Bike to Work Week

For fifty-five years, National Bike Month has been the perfect time for new or returning riders to get back on the saddle and ride their bike to work.  The League of American Bicyclists is the national sponsor of Bike Month (May), and this year Bike to Work Week is May 16-20 and Bike to Work Day is Friday, May 20.

 

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Why all the fuss and who actually benefits from Bike to Work events? 

 

 

EMPLOYERS benefit from a healthy, active workforce.  In addition to missing less work due to sickness, bicyclists are happier and more productive.  80% of employees who switch from sedentary communting to cycling improve their heart, lungs, and blood vessels greatly in six to eight weeks. 
 

EMPLOYEES enjoy biking to work because it builds morale, encourages camaraderie, and is a great way for employees to get active in the community.

   

Employers and employees alike engage in the Bike to Work movement because they:

 

 

RIDE FOR THE ENVIRONMENT
Motor vehicle emissions represent 31 percent of total carbon dioxide, 81 percent of carbon monoxide, and 49 percent of nitrogen oxides released in the United States (The Green commuter, a publication of the Clean Air Council).  A short, four-mile round trip by bicycle keeps about 15 pounds of pollutants out of the air we breathe (WorldWatch Institute).  Short car trips (distances that could easily be bicycled) are much more polluting than longer trips on a per-mile basis because 60 percent of the pollution resulting from auto emissions is released during the first few minutes of operation of a vehicle.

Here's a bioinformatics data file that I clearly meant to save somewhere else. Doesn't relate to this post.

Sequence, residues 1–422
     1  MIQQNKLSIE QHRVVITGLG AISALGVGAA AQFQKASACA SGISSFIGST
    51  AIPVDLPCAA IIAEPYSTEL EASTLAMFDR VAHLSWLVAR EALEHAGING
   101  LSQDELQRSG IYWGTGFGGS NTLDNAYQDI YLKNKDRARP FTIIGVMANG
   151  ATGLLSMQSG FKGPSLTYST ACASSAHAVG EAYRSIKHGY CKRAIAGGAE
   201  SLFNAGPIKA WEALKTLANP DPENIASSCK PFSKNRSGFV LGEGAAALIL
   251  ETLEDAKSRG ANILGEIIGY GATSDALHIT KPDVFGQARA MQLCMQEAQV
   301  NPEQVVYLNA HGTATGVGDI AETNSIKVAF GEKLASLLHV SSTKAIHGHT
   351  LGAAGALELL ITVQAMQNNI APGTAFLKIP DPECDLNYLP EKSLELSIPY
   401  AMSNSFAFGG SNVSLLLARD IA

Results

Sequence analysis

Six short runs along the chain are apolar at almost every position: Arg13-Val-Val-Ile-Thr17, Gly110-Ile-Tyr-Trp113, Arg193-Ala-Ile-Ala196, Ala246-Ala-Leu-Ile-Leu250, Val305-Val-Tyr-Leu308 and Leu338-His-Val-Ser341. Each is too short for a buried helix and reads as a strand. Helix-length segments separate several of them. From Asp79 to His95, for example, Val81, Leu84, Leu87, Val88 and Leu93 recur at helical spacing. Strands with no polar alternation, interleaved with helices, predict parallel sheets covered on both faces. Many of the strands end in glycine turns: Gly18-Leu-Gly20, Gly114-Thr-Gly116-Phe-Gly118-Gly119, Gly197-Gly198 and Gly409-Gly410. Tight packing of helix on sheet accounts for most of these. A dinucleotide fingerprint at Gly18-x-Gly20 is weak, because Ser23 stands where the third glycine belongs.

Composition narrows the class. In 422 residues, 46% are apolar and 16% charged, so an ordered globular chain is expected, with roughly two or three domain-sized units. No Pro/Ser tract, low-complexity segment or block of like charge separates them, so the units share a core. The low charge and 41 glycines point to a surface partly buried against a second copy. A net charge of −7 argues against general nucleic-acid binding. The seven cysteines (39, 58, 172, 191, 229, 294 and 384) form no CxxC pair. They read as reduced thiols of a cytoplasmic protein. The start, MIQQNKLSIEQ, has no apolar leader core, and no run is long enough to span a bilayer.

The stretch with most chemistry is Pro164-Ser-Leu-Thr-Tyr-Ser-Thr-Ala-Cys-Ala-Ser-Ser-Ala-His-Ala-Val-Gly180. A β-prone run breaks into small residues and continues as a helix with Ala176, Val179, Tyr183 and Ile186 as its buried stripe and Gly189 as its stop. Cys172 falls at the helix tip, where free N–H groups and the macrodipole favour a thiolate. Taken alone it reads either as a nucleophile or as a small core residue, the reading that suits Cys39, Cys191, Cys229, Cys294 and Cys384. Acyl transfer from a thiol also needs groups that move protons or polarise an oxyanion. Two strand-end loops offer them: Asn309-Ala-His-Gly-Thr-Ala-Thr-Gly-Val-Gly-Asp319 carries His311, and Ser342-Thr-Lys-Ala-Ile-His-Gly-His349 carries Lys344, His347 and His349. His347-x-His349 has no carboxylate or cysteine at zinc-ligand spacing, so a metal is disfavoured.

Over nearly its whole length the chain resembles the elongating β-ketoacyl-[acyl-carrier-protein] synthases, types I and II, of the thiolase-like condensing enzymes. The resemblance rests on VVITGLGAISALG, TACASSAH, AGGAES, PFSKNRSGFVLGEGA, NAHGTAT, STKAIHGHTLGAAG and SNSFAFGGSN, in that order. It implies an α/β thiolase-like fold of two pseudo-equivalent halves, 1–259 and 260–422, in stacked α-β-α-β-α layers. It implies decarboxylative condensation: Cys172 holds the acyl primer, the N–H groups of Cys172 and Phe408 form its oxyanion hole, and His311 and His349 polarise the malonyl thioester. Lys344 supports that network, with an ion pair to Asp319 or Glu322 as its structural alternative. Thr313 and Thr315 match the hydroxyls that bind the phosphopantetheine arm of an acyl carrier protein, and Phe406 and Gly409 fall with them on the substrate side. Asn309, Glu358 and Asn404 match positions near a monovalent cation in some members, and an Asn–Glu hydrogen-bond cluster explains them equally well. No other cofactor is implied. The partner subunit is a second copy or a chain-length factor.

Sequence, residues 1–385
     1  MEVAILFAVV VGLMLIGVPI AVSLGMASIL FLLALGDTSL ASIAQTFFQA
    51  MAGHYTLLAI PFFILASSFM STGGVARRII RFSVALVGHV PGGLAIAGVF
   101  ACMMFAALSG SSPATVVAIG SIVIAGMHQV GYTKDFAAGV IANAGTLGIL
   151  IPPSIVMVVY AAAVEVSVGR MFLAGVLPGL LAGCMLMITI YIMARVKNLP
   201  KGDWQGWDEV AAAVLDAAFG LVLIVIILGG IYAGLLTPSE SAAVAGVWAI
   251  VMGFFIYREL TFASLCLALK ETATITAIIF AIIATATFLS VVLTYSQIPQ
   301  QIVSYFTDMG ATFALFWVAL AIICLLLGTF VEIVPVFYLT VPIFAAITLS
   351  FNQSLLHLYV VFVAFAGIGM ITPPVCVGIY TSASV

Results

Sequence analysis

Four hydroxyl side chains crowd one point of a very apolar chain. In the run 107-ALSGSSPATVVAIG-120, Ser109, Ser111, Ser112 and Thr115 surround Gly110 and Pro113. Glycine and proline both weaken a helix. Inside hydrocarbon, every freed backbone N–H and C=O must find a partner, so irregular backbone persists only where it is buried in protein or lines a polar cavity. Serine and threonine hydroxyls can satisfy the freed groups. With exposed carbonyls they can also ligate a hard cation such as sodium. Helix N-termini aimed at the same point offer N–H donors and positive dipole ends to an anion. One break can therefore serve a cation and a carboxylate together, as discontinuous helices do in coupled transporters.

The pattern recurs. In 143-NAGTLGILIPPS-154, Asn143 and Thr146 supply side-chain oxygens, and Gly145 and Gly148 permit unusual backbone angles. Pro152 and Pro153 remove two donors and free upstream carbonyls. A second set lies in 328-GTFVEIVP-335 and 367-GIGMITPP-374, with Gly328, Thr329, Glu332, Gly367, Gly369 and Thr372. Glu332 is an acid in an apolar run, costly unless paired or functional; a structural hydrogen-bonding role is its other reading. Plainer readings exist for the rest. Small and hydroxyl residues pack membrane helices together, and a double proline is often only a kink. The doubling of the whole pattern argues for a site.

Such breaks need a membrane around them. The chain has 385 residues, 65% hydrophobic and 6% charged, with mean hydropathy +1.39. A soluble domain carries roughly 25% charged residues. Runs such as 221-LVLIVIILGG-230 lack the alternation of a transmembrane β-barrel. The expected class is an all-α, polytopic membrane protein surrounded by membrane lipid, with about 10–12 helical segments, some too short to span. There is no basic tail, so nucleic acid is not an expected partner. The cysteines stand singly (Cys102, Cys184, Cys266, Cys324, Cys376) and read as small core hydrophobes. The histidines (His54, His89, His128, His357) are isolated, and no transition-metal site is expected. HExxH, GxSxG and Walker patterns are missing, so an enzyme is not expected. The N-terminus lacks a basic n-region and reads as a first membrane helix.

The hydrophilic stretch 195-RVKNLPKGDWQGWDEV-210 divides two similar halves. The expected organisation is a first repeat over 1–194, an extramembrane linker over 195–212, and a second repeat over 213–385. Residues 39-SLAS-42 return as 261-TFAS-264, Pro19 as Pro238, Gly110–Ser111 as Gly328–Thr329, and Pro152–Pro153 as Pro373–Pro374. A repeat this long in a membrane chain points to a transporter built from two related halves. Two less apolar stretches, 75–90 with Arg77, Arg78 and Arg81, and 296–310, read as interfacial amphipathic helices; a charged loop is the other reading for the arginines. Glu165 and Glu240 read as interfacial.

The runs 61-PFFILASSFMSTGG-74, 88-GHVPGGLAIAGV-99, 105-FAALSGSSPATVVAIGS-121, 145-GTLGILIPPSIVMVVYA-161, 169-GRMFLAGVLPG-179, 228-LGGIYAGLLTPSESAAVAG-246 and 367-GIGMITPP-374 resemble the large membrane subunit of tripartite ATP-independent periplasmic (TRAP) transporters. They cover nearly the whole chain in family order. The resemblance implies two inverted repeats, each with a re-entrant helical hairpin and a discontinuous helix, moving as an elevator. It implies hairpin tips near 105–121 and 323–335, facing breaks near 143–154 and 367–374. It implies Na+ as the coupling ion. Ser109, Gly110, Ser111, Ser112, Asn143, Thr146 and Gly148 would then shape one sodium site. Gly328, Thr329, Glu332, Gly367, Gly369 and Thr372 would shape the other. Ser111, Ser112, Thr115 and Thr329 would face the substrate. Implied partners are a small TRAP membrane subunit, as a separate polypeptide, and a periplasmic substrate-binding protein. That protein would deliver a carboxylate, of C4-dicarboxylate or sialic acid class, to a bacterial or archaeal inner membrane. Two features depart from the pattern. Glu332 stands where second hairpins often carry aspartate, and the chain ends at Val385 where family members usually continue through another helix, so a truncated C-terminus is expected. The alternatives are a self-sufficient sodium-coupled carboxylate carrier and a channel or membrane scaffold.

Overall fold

RIDE FOR HEALTH 

Bicycling can help solve two of our nation's leading crises: skyrocketing healthcare costs, which are damaging every sector of our economy, and the obesity epidemic, which in 2000 caused 400,000 deaths, 16.6 percent of all deaths recorded, due to poor diet and physical inactivity. A study of almost 200,000 General Motors employees found that overweight and obese individuals average up to $1,500 more in annual medical costs than healthy-weight individuals. By getting people moving again, bicycling can help improve Americans lose weight and improve their physical condition. This could not only save lives, it could help greatly reduce the total costs to society of obesity, estimated at $117 billion per year.

 

RIDE FOR ECONOMY

Bicycles cost far less than automobiles to purchase and maintain, and do not require a continual intake of increasingly expensive gasoline.  Between six and twenty bicycles can be parked in the space that a motor vehicle requires for parking.  Bicycles also cause little, if any, wear and tear on roadways. 

 

Ready to spin those wheels?  Check out the Bike Month Getting Started Guide for ideas, as well as the Bike Month Events section on the League of American Bicyclists website to see what Bike Month and Bike to Work Week events are going on in your community. Also, post your area, club, business or school's Bike Month events on the webiste for free! 

 

 

Learn more about Stacy Walters, RKT at www.fittogarden.com

 

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